The Office 365 Audit Log holds lots of interesting information about how people share information. In this article, we explore how to use the audit log records to discover the document sharing habits of users, including the documents shared with guest users and people outside the tenant.
A free version of Microsoft Teams is still in development and new documentation suggests its release will happen in the near future.
Teams is now able to capture compliance records for contributions to private chats by guests or on-premises users in a hybrid Office 365 organization. The new mechanism uses “phantom mailboxes” in the cloud to hold the compliance records for on-premises users. You must register your tenant to be able to get an updated GUI for the Security and Compliance Center, but PowerShell can find these records now.
It’s a good idea to understand whether any external people have access to documents in your Office 365 tenant. There’s no option on the Office 365 or SharePoint Online consoles to tell you what access external users enjoy to SharePoint sites, so we must use some PowerShell to interrogate SharePoint and see what that reveals.
GDPR Article 17 allows individuals to request an organization to erase their personal data. Now that GDPR is in effect, what are the practical steps to take to process an erasure request against Office 365 data? As it turns out, the answer is not straightforward.
Microsoft Teams now shows team owners when their team is going to expire – that if, if you use the Office 365 Groups expiration policy. But tenant administrators don’t have a report showing them when groups expire, so we wrote one in PowerShell for you to use (and improve).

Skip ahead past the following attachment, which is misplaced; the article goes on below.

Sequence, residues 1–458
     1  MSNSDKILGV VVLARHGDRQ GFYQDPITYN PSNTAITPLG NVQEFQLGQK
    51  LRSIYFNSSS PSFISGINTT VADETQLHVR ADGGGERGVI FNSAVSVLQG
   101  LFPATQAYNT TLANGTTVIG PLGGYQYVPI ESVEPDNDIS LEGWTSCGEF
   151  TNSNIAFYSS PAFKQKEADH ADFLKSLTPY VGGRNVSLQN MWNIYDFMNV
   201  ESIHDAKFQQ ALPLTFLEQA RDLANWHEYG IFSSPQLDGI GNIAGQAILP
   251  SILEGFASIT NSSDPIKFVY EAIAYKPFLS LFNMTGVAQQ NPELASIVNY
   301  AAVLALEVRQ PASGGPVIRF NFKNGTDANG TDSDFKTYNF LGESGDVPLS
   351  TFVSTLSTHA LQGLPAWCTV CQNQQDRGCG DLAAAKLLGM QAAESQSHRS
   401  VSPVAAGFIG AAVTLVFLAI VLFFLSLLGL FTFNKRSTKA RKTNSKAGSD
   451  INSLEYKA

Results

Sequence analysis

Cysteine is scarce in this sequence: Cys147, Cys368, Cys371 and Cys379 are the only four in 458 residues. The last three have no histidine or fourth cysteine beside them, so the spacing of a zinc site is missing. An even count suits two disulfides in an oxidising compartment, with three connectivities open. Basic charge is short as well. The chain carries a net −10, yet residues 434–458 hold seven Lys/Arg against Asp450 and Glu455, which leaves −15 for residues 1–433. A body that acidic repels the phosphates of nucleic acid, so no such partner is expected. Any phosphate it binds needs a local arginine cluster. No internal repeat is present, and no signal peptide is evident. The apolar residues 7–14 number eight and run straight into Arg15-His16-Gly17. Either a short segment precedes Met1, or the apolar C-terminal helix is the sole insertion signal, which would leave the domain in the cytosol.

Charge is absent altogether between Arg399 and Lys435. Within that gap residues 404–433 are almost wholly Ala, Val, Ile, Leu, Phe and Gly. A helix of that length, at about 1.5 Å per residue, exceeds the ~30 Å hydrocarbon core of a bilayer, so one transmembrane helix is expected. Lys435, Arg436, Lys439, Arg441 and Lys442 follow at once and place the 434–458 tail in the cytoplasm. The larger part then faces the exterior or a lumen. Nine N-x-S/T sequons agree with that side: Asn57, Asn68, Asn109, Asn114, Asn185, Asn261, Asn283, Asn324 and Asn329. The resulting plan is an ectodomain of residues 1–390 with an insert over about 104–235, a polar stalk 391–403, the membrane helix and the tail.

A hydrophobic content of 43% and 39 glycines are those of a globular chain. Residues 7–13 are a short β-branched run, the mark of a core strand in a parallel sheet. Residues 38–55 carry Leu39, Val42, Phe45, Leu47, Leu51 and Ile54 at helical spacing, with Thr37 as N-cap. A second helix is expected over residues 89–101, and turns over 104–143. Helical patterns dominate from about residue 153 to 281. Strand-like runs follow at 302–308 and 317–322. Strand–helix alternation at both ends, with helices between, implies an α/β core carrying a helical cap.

Office 365 makes it easy to collaborate with external users through Office 365 Groups and Teams, both of which use Azure B2B Collaboration. In fact, collaboration is so easy that users might be carried away and share with all and sundry, including your competitors. Which is why it’s nice to have a policy to control sharing with certain domains that works for applications like Groups, Teams, and Planner.
Office 365 Groups are the reason why many SharePoint Online sites appear in tenants. If you’re on the Pacific coast of the U.S., the regional settings are OK. But anyone else in the rest of the world who uses the SharePoint browser interface will see times and dates in that instead of the local format. You can change the regional settings for a site, and now you can make sure that new sites have the right settings.
With GDPR coming, it’s good news that Teams now supports Office 365 retention policies. You can apply retention to messages posted to channels and chats, or use a mixture of policies to target different sets of users and teams. You might be surprised how Teams has implemented retention – and remember, we’re only talking about messages – other content might also need a policy.
Office 365 has a new admin center for Teams and Skype for Business Online. It’s still early days for the TSBAC, as I like to call it, but you can see where Microsoft is going as it unifies the disparate parts of Teams and Skype for Business Online into one uber-admin center to beat them all.
Teams now hides the Office 365 Groups that it creates from Exchange clients (Outlook, OWA, and the mobile apps). That’s as it should be for groups created for new teams. If you want to hide groups created for older teams, you can run the Set-UnifiedGroup cmdlet, but that soon becomes boring when you might have hundreds of groups to process. PowerShell to the rescue once again.
It is nice to have an Azure Active Directory Expiration Policy for Office 365 Groups, but it’s not so good that the policy functions exclusively based on age. Another problem is that administrators have no way of knowing when groups will expire. So we take out PowerShell, write a script, and hey presto, we have a report. We still need to solve the problem of creating a policy that functions based on activity rather than age, but that’s another day’s work.
Tons of Spring Updates in the Office 365 space to cover this month. As always, it will be the news you need with the two cents you don’t.